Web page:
No poll 50 days before elections. Bill proposers want to protect voter

Such a long moratorium on polls has no parallel in Europe.

Illustrative stock photoIllustrative stock photo (Source: Sme/Jozef Jakubčo)

Cameroon, Tunisia, Honduras, Bolivia. These are the countries with a 30-day or longer moratorium on poll before the elections, based on data from 2017. With the recent bill approved by Slovak MPs to prolong the moratorium on polls from the current 14 to 50 days before the election, Slovakia would be one of them.

Sociologists and pollsters have vehemently protested against the 50-day moratorium ever since the proposal was first voiced.

The Institute for Sociology of the Slovak Academy of Sciences pointed out that a moratorium on polls like this is rare in Europe. In fact, only two countries ban publishing the results of polls longer than seven days ahead of the election – Italy with 14 days and Montenegro with 15 days.

Experts warn that a long moratorium on polls, which lawmakers want to apply for the February 2020 election, puts Slovakia in the company of authoritarian and non-democratic regimes. Some say that the bill is most likely unconstitutional.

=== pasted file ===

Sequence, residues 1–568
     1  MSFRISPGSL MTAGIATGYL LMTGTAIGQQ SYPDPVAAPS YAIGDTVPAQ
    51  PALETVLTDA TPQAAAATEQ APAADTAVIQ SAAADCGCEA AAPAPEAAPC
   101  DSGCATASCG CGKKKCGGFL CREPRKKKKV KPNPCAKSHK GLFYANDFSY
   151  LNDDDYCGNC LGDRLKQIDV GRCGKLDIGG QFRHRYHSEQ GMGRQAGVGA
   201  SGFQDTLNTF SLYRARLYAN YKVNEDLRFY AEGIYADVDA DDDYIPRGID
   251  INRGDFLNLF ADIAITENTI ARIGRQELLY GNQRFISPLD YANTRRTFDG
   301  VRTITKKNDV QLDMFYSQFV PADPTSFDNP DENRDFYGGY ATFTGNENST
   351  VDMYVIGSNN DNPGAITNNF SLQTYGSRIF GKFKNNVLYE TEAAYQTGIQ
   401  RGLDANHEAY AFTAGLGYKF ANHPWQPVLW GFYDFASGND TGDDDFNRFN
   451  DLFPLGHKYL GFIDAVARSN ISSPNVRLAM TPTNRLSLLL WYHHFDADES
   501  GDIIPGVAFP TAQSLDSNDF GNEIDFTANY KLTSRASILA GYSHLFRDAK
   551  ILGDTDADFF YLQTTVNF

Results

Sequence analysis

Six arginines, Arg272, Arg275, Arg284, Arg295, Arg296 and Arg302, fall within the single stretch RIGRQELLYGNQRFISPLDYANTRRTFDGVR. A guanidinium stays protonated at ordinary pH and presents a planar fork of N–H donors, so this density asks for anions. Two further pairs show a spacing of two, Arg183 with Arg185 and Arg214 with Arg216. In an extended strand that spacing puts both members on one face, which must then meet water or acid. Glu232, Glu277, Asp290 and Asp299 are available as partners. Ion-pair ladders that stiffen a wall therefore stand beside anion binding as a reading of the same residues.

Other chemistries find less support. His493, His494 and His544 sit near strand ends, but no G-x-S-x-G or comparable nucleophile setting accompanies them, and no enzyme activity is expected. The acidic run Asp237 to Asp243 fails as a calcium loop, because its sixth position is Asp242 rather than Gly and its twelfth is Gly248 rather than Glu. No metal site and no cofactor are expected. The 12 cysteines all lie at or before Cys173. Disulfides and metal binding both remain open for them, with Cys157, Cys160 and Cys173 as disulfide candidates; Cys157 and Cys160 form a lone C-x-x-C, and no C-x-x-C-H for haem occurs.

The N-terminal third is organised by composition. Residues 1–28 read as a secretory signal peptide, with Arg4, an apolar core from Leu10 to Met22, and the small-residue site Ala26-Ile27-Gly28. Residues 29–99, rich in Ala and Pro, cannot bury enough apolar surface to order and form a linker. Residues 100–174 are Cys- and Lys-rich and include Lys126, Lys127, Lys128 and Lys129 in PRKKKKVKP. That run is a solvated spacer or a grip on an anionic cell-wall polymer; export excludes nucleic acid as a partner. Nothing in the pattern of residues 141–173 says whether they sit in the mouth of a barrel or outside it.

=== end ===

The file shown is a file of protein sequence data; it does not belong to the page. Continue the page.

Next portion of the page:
Related story:Slovakia is headed for one of the longest moratoriums on polls Read more 

An additional controversy emerged after the vote on the bill, when it turned out that it was passed with the votes of the ruling coalition Smer and Slovak National Party (SNS) and the extremist People’s Party Our Slovakia (ĽSNS).

“This is a non-democratic measure and it takes away the right for information from voters that could be important for them to make decisions,” Martin Slosiarik, director of the Focus polling agency, told The Slovak Spectator.

Information imbalance

It should be left to voters whether they will use the information when making a decision or not. Slosiarik also explains that a moratorium brings inequality in access to information when citizens are less informed than politicians. Slosiarik calls it undemocratic.

The moratorium does not prevent politicians or political parties from ordering polls, the ban only applies on publishing the results. Politicians will thus know how the moods among voters are developing, while citizens will be left in the dark.

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